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Tishman talks on giving, building green and WTC.

"Sorry we had to do this over the phone," Daniel Tishman told me via cell as a car whisked him from meeting to meeting. "It's been a busy day."

To understand why Daniel Tishman is busy, one needs only to go to any major job site in town and look for the Tishman Construction logo. Chances are pretty good you'll see it hanging on a fence.

As chairman and chief operating officer of Tishman Realty & Construction Company, New York's largest such firm, Daniel Tishman oversees work on 7 World Trade Center, the Freedom Tower, The Jacob K. Javits Center, the Goldman Sachs Building and the Bank of America Building at One Bryant Park, just to name a few of his firm's major intown projects.

Add to that management of Las Vegas' colossal Project CityCenter, other major projects around the nation, and his charity work with the UJA-Federation of New York, and it becomes clear why this fourth-generation Tishman boss sometimes needs to phone it in.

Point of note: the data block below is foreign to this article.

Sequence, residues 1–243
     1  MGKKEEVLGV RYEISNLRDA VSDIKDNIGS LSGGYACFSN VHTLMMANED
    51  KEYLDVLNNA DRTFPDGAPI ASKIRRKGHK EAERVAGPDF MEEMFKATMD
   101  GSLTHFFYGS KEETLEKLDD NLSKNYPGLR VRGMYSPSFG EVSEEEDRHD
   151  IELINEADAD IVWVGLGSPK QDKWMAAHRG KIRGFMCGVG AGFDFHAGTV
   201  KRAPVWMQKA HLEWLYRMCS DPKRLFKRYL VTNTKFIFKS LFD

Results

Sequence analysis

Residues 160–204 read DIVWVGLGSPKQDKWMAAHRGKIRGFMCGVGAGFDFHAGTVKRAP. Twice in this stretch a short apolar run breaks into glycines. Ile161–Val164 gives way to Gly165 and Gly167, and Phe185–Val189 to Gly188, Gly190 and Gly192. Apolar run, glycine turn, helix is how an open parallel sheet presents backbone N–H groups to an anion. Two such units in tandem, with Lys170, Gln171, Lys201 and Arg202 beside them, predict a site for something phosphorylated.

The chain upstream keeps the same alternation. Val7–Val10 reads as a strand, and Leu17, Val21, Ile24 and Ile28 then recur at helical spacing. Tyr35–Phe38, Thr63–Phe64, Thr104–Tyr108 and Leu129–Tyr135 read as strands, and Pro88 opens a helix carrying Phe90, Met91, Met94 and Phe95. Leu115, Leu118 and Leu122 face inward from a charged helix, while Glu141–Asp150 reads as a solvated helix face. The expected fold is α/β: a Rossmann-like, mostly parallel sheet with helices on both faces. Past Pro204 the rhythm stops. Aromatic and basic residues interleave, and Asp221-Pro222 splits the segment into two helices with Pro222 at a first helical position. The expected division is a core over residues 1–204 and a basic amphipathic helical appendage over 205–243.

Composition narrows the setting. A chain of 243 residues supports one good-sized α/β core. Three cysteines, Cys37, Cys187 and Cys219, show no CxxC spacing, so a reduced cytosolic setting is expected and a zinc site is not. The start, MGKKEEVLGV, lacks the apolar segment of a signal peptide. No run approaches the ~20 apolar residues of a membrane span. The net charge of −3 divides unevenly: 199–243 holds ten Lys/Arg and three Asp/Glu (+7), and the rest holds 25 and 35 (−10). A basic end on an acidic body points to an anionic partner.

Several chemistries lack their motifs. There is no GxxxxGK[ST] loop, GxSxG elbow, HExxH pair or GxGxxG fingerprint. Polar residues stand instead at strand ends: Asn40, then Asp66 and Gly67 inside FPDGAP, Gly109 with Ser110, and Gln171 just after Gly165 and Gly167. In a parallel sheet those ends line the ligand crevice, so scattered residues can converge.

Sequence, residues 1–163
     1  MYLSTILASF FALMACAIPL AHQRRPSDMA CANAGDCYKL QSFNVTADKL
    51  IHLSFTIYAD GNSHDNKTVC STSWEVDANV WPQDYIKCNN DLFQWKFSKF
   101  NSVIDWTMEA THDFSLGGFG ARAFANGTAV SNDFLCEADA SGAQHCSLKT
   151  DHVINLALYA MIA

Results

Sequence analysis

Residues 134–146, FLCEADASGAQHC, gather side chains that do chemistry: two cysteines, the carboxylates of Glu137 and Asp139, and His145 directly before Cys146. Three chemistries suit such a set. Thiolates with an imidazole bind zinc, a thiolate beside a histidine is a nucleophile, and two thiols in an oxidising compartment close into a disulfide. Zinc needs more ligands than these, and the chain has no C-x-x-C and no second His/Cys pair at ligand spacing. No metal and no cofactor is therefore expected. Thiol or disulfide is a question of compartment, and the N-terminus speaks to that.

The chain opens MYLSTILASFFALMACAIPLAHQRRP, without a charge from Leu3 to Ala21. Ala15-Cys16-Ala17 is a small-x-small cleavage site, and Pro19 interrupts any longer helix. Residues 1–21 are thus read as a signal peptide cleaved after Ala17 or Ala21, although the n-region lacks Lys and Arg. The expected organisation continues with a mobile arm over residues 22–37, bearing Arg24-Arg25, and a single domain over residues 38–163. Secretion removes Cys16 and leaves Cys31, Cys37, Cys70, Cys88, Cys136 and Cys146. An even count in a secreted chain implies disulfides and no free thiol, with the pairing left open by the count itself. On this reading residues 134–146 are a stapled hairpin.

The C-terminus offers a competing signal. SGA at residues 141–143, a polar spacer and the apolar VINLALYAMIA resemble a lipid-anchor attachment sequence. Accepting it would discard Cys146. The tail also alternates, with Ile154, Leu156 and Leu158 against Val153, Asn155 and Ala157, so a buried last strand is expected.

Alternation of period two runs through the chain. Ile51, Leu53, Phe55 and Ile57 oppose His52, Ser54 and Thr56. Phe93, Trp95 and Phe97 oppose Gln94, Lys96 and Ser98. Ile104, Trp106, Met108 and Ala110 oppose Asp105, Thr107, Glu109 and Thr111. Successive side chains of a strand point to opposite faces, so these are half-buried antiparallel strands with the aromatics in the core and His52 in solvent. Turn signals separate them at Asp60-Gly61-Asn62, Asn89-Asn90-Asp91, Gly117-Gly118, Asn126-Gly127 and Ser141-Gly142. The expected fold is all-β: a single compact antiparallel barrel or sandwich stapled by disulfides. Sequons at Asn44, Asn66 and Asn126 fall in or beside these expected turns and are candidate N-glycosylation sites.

As the car peeled through town, we discussed his involvement with the Jewish advocacy group UJA-Federation, green buildings and the future of Ground Zero.

REAL ESTATE WEEKLY: Let's start with the UJA Federation. They're honoring you at a luncheon later this month. How did you become involved with them?

TISHMAN: My family has been involved in UJA since it became a federation. My first cousin once removed, who I refer to as my aunt, Peggy Tishman, was the first president of UJA. My grandmother had adopted a UJA site in the Bronx, which happened to be a facility for the elderly. As a young person I spent many hours helping the elderly up at that facility. I was further pressed into service after a serious lunch with my aunt one day. She said, 'it's time to step up to the plate.' Now, I'm just finishing up my third and final term as chair of the UJA's Real Estate Division.